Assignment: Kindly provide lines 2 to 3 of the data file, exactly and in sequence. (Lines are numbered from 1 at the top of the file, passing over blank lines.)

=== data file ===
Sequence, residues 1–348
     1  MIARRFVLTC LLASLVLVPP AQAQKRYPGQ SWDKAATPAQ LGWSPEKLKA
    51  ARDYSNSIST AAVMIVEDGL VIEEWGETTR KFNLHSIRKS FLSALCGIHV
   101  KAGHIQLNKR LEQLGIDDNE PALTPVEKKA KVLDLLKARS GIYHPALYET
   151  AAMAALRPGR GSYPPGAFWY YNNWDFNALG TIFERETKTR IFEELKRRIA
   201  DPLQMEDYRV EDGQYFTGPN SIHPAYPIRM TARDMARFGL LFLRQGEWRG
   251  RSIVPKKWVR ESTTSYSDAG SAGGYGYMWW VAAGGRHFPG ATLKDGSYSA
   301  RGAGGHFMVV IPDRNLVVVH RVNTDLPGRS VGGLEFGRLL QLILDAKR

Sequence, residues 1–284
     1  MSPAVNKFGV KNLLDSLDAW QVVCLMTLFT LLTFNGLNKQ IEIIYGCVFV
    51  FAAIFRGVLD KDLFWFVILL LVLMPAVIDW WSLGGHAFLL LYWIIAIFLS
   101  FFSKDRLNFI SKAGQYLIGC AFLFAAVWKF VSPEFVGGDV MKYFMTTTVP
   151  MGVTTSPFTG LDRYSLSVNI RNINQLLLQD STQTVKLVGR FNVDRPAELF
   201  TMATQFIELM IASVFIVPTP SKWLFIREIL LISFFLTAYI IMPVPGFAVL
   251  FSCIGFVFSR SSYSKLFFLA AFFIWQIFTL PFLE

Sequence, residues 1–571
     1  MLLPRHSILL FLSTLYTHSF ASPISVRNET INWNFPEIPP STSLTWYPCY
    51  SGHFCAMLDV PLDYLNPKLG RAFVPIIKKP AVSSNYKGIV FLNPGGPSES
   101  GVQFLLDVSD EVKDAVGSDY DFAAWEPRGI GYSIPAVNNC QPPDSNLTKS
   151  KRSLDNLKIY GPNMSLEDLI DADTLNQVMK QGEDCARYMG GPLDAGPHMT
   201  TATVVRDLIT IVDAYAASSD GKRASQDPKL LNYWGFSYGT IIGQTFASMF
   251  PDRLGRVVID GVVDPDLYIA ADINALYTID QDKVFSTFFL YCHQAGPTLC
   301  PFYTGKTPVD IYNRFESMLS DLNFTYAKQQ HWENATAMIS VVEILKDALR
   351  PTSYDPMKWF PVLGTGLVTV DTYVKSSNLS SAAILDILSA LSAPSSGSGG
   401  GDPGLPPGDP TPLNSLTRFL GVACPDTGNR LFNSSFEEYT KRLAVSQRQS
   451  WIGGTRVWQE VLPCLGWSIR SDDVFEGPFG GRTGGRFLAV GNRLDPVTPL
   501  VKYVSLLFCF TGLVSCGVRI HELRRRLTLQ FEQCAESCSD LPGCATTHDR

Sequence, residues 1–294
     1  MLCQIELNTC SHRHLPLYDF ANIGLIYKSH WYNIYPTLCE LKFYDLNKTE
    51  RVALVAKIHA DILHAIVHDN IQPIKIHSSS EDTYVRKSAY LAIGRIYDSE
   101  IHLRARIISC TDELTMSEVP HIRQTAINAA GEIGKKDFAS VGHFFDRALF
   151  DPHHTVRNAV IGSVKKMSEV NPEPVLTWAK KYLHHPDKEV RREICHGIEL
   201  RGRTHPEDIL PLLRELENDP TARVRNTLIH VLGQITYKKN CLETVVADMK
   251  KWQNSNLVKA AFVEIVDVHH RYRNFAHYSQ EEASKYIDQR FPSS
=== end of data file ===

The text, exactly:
     1  MIARRFVLTC LLASLVLVPP AQAQKRYPGQ SWDKAATPAQ LGWSPEKLKA
    51  ARDYSNSIST AAVMIVEDGL VIEEWGETTR KFNLHSIRKS FLSALCGIHV